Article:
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Backward Design: Another Methodology for Research Papers

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As an online professor, I receive communications from students in two forms: written weekly discussions and written assignment submissions. Discussions are often used to exchange ideas with the instructor and fellow classmates, while assignment submissions allow the student to delve into the subject matter in greater depth.

For most online students, research papers are the best way to show command of a subject. However, communicating research information in a clear and concise manner may be easier said than done.

Are Research Papers Becoming Obsolete?

In our daily lives, we are bombarded with written information. Newspapers, the internet, emails and social media are now staples in our lives. However, when it comes to printed information, less is more. A catchy title, interesting subject line or pithy phrase might be needed to get you to click and read on.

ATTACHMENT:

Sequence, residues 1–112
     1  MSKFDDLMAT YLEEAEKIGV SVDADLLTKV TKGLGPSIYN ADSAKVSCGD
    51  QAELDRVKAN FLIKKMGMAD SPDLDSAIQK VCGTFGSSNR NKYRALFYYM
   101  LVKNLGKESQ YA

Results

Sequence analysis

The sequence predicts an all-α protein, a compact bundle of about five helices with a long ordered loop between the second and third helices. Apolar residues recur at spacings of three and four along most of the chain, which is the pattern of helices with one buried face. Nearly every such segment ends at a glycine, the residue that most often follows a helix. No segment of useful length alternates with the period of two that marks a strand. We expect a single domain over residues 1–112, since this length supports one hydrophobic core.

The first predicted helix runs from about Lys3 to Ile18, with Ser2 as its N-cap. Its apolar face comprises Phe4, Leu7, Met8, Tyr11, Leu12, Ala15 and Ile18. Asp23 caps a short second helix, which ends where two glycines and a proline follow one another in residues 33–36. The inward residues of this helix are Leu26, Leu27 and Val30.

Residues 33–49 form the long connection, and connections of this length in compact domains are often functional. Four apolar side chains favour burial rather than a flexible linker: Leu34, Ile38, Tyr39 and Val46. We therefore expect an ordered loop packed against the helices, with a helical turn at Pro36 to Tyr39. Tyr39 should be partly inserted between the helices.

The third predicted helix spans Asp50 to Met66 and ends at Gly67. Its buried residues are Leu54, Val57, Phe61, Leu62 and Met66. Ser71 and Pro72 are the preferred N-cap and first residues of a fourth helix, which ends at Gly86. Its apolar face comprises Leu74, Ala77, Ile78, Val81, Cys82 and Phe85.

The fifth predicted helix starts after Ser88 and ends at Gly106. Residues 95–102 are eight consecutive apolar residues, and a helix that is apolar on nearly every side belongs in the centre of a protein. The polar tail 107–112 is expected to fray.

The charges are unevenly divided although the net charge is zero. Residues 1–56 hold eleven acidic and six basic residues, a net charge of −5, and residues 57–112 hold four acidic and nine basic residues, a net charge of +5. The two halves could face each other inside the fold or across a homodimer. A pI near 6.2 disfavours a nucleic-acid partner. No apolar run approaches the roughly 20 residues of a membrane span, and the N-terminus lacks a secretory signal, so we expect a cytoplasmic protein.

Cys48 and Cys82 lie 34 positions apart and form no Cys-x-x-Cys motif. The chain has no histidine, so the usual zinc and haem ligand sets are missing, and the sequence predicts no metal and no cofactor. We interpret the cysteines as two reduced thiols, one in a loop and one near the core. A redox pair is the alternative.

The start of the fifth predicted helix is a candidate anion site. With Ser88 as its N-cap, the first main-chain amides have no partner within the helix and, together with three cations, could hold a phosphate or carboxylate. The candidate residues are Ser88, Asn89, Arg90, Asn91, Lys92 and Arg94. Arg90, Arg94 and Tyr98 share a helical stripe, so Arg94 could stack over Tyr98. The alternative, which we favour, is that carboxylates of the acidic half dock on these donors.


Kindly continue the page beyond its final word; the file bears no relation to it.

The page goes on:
While each form of social media has various character limits, you may be shocked to learn that among social media, Twitter has by far the lowest maximum count of just 280 characters. Keep in mind these are characters, not words. You only have seconds to capture the reader’s attention, so ideally character counts of 71 to 100 words garner the most attention.

In contrast, research papers are more than a catchy phrase. A research paper analyzes questions and topics, cites relevant sources, and follows a logical argument to a valid conclusion. It is more than an argumentative essay. When you write an essay, you use what you personally know and have thought about a subject.